Prepare for IncidentsA cybersecurity incident may occur later today, or potentially it has already occurred. There’s never going to be a better time to implement the fundamental steps of incident response preparation than right now. You could wait until you feel like you’ve made progress in other areas, but I recommend you schedule a repetitive walkthrough of your incident response process. Put it on the calendar, and then sit down with your team in a table-top exercise to review your communication plan, escalations and fundamental steps for handling an incident. Each time you perform this walkthrough, you’ll improve your capability. What’s more, including other important functions like business leadership and corporate communications in these exercises will help you respond when the real thing occurs.
Increase Visibility and Identify Blind SpotsThe adage you can’t protect what you don’t know you have is valid. An inventory of systems and a solid understanding of the data you have and where it goes is essential, but you also need to know what you can see and what you can’t. Start building a picture of what your environment includes and what you have the ability to see. Pay attention to the areas that you lack visibility into, which may be outside of your network in areas like vendors, partners and other third parties. Like preparing for an incident, schedule time to review your vision space and blind spots frequently and continue to learn where you lack visibility and what you can do to get a better view of your world.
Sure Up the Most Attacked VectorsA general review of the various data breach and incident reports show that users are attacked at a high rate. They are generally attacked by email using phishing attempts and by phone via vishing attacks. Preparing your organization’s users by giving them valuable training and tips for avoiding these attacks, then looking for ways to bolster your defenses with prevention technologies, is time and money well spent. At an extremely high rate, these phishing and vishing attempts utilize malware as part of the attack. Consider that basic anti-malware solutions are a basic ingredient but that you may also need some added protections. As a first fundamental step, make sure that anti-malware technology is deployed on all systems, that it is updated regularly and frequently and that it scans in real-time and not just during a weekly schedule. It is also very important to consider that anti-malware on its own won’t stop all malware and it has to fit into a layered approach of defenses. You wouldn’t purposely walk across a firing range just because you had a Kevlar vest on, and you shouldn’t feel bullet proof with your anti-virus software.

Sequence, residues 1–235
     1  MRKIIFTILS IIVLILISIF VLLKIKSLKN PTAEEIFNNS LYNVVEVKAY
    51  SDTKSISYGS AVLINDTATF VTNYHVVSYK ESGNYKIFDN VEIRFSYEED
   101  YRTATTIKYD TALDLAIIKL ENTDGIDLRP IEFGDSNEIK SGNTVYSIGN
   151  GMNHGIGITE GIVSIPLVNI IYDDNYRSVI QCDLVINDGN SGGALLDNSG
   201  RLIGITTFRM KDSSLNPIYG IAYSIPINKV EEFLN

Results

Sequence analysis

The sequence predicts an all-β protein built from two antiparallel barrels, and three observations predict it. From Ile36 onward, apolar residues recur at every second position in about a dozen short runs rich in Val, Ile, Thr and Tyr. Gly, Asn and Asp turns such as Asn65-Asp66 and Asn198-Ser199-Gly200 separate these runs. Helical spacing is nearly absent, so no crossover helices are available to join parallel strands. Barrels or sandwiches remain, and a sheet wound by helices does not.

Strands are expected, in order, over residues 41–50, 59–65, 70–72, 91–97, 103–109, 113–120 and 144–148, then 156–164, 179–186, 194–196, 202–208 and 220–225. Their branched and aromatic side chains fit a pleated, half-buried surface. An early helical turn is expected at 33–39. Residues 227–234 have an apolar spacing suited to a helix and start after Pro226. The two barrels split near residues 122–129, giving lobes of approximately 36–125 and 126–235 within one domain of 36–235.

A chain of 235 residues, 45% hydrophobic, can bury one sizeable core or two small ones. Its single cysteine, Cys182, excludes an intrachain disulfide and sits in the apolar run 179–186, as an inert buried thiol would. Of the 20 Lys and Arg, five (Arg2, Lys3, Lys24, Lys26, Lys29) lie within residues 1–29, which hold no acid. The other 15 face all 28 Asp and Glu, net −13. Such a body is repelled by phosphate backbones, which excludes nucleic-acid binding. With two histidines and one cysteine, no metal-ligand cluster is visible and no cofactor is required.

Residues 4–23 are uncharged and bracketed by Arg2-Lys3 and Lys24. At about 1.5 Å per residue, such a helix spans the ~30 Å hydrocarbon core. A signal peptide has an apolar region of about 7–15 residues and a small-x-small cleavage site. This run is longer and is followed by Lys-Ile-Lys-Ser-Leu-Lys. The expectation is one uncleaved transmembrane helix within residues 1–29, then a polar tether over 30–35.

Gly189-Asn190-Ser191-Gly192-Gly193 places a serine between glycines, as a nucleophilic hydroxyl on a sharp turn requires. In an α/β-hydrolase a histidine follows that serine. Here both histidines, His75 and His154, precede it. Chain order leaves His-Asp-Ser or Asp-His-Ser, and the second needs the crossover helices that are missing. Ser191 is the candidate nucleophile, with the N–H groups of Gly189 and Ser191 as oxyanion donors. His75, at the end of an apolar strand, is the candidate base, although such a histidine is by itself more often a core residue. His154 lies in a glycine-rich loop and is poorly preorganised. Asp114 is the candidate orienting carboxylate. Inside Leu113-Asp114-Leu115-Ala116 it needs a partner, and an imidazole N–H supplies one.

Find and Fix VulnerabilitiesA good analogy to convey the importance of updates and patches is to think of your business as a ship. Every outdated app, security policy and program is another hole in the hull. With too many holes, soon your ship is drowning in threats, reducing safety, efficiency and causing a myriad of problems. An active, efficient security program means you must patch regularly. Are there systems and programs you no longer use? Remove them. Are there vulnerabilities in firmware or other configurations? Patch them. Outdated, obsolete software of any type is a surefire way to create needless vulnerabilities in your enterprise.
Consider Needed TechnologiesNow that you are covering the essential functions, you can now consider some useful protection technologies.
- Two Factor Authentication – Two-factor authentication is a very effective way to immediately improve enterprise security, adding an additional layer of protection for logins. Let’s face it, passwords are hard. Users tend to reuse them, and because of data breaches that have already happened, most of the passwords your users will think up are already in a dark web database somewhere right now. So enable a user-friendly two-factor authentication technology as soon as you are able.
- Encryption – Once you know what your important data is, utilize technologies to encrypt it, and also encrypt communications between systems where ever possible.